Show Summary Details

Page of

Printed from Grove Music Online. Grove is a registered trademark. Under the terms of the licence agreement, an individual user may print out a single article for personal use (for details see Privacy Policy).

date: 18 August 2019

Bendre [bentere, binderi]locked

  • Rainer Polak


[bentere, binderi]

Kettledrum of Gur-speaking peoples (Mossi, Sisala, Mamprusi, and others) in Burkina Faso and northern Ghana. It is an almost spherical calabash with a small goat- or antelope-skin head, tuned with black adhesive paste at the center. It is beaten by the hands. The player either stands with the drum suspended from his neck or sits on the ground. Often metal plaques with rings along the edges are attached to the instrument creating a jingling sound. The bendre is considered sacred and noble by the Mossi of Burkina Faso. At the court of Tenkodogo several bendre join gangaogo and lunsi drums in an ensemble that accompanies declamation of the history of the rulers. Alternatively, a single drum can be made to ‘talk’ while a declamator translates the words. At Koupéla the drum is known as binderi, cognate with the bentere of Ghana. In Mali and western Burkina Faso, the Bamana, Bobo, Senufo, and others use a similar calabash drum without tuning paste, called ...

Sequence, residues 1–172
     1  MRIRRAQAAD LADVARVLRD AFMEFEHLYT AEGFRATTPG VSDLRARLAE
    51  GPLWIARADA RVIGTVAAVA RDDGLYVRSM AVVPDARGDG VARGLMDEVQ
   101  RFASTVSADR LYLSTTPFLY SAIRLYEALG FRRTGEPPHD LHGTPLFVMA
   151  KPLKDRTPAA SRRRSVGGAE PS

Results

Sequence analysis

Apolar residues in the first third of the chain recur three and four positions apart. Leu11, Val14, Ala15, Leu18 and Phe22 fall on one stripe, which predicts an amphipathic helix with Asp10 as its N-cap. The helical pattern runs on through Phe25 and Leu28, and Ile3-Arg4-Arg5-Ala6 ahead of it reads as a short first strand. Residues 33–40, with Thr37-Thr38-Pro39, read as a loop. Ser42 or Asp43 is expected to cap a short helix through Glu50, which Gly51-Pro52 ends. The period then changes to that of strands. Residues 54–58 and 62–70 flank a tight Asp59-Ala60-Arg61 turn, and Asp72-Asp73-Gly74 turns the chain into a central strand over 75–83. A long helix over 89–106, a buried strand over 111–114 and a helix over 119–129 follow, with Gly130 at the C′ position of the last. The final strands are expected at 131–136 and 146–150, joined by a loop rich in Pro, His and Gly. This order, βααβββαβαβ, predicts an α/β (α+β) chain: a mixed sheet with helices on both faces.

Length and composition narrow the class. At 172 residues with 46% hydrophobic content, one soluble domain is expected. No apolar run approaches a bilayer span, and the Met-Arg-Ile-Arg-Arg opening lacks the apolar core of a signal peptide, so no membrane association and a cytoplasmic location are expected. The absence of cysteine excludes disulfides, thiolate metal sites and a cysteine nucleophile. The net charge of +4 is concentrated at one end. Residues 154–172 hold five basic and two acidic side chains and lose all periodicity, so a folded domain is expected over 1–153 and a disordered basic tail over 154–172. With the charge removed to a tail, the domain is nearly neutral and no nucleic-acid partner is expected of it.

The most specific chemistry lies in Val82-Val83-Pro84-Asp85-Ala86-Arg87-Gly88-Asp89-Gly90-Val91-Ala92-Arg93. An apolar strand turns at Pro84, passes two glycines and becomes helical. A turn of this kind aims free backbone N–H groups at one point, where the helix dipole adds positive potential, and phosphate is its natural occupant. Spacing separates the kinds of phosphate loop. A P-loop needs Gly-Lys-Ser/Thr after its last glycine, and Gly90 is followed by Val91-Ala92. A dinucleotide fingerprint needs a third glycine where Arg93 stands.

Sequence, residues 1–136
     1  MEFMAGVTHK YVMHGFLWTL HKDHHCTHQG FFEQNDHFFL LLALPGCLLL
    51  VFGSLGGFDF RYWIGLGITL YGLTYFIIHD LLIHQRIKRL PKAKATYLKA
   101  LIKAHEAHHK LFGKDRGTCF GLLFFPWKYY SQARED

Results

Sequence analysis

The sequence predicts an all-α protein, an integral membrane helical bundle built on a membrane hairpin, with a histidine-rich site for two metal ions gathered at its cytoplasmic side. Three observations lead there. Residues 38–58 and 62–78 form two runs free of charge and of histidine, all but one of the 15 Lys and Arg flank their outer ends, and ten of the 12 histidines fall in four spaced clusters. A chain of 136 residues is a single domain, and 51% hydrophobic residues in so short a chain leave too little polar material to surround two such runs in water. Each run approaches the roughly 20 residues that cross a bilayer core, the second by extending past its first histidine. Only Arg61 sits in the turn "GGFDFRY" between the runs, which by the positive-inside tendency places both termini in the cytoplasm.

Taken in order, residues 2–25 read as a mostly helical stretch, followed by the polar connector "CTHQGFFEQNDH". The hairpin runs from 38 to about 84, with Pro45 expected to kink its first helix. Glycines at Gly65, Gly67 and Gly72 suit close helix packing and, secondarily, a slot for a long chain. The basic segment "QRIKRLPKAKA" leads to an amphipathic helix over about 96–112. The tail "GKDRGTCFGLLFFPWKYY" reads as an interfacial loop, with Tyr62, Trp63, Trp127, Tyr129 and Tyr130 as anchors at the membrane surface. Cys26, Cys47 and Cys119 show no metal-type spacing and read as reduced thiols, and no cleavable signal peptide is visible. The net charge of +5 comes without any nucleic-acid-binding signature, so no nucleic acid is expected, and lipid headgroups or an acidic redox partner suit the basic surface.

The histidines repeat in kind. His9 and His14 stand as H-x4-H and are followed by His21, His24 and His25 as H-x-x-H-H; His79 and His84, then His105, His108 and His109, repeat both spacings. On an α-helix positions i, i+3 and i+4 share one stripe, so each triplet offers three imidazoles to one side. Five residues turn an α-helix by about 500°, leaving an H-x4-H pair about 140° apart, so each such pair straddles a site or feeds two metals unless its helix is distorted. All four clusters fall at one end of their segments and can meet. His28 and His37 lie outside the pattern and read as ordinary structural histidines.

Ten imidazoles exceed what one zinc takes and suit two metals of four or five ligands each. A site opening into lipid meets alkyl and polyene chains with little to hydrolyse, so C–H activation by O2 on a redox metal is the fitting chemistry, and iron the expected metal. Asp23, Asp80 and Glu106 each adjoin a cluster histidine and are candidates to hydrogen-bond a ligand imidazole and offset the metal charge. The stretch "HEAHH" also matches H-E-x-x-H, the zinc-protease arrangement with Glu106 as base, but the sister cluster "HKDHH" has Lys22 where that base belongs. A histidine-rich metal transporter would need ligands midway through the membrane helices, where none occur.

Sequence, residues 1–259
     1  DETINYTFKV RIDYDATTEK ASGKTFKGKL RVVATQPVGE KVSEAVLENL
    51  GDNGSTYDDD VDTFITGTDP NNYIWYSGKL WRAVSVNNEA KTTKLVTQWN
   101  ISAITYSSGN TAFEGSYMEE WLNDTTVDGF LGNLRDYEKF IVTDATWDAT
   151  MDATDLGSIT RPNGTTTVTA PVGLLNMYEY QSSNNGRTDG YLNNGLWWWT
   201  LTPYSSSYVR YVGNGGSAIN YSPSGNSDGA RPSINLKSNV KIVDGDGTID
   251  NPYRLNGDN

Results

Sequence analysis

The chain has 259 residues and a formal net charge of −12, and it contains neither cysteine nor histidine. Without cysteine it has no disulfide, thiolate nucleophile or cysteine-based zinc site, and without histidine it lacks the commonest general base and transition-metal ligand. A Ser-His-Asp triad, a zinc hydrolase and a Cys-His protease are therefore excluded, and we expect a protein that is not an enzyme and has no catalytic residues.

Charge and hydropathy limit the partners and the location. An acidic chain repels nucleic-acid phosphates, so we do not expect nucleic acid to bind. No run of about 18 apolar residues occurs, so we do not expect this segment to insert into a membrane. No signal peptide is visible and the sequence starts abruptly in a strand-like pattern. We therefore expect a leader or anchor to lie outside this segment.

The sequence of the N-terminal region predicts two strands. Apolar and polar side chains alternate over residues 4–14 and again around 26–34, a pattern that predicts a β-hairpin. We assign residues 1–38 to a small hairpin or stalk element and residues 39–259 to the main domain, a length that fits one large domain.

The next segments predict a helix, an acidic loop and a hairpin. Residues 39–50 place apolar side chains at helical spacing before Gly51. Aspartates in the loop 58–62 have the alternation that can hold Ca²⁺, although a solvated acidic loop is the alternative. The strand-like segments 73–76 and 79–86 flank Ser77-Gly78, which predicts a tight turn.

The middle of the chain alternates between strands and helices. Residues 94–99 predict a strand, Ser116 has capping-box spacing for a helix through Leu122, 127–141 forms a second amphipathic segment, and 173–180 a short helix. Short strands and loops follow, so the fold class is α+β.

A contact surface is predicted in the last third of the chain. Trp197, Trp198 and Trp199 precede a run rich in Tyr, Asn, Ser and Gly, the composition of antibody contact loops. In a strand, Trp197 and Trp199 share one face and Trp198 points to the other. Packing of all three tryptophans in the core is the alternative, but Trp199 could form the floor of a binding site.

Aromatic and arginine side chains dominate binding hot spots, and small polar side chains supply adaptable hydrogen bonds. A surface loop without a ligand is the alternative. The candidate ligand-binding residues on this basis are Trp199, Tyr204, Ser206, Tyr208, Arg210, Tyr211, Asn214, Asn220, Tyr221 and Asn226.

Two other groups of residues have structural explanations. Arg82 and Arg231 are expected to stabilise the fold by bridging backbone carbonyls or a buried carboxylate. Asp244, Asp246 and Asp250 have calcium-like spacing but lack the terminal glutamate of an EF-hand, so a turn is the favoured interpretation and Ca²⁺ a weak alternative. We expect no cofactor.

Access to the complete content on Grove Music Online requires a subscription or purchase. Public users are able to search the site and view the abstracts and keywords for each book and chapter without a subscription.

Please subscribe or login to access full text content.

If you have purchased a print title that contains an access token, please see the token for information about how to register your code.

For questions on access or troubleshooting, please check our FAQs, and if you can''t find the answer there, please contact us.